Onix is rather common among the teams of “boss” trainers in the games: It appears as part of Brock’s team in Pokémon Red and Blue as well as their remakes, Pokémon FireRed & LeafGreen. It is also seen in several instances where the player battles Team Rocket Boss Giovanni, and two Onix are seen in Elite Four member Bruno’s team. In Pokémon Emerald, after defeating the Elite Four there, one can hold a rematch with Rustboro leader Roxanne, who now has an Onix in her team. In Pokemon Pearl and Diamond, the first gym leader, Roark, also has one in his lineup. In all cases, Onix proves to be an easy opponent, especially if any Water or Grass-type moves are available.
In Super Smash Bros., Onix appears as one of several Pokémon which may emerge from thrown Pokéballs, using Rock Throw to rain boulders down on the opponent. It is one of 6 Pokémon who does not return in Super Smash Bros. Melee with Meowth, Starmie, Beedrill, Koffing and Hitmonlee being the others. However, Onix appears as a blimp in the stage "Kanto Skies: Pokéfloats".
Onix can also be recruited and played as in Pokémon Mystery Dungeon.
Onix is notable for being the third Pokémon to appear in the anime; in Episode 1, as Ash watched a pair of trainers on TV, one of the trainers (which although hidden in shadow, greatly resembled Bruno of the Elite Four) swapped in an Onix for his Nidorino, which had fallen victim to Hypnosis attack from the other trainer's Gengar.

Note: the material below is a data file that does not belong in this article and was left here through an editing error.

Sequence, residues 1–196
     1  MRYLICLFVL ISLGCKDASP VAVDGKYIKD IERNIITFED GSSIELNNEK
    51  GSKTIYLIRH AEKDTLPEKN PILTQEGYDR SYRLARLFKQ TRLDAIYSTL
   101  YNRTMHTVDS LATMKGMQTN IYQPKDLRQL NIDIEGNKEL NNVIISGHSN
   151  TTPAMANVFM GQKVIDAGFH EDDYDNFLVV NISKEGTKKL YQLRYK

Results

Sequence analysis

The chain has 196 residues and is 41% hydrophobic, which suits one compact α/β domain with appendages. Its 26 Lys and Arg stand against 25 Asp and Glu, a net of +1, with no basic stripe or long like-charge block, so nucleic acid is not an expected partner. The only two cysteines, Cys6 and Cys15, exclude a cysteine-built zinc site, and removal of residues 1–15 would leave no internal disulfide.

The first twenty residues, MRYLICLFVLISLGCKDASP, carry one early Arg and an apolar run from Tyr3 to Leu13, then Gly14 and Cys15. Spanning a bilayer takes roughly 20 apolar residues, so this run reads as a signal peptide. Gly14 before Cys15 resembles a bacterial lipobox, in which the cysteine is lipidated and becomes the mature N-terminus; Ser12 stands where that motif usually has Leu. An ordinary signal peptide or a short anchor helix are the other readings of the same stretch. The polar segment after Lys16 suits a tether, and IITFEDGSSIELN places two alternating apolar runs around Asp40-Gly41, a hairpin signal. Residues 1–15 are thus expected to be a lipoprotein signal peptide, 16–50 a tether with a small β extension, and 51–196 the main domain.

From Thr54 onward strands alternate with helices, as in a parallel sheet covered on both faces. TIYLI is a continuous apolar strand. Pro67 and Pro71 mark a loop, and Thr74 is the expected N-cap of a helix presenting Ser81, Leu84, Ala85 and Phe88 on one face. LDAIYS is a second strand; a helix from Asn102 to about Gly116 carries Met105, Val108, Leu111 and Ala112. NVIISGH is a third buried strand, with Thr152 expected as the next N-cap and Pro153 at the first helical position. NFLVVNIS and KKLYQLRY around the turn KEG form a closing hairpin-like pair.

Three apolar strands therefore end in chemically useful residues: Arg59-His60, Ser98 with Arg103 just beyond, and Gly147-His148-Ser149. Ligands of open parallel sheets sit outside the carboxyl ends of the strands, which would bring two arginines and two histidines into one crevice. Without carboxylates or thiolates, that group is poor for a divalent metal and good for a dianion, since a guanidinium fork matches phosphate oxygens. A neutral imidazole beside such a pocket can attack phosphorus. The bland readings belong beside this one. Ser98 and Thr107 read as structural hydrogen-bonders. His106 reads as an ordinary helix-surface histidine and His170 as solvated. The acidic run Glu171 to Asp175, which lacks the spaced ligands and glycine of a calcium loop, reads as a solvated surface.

The first major appearance from an Onix was in Episode 5, when Ash and Pikachu had to defeat Brock's Onix to get the Boulder Badge. Pikachu was unable to defeat it, seeing as Pikachu's electric attacks could not penetrate Onix's rock shell; however, in a rematch, a lightning bolt accidentally set the gym on fire, triggering the automatic sprinkler and weakening Onix, as well as letting Pikachu's electric bolt be magnified by the water covering it. Although Brock could have declared a mismatch due to the circumstances, and Ash refused to accept a badge for winning in that manner, he still decided to award Ash with the Boulder Badge.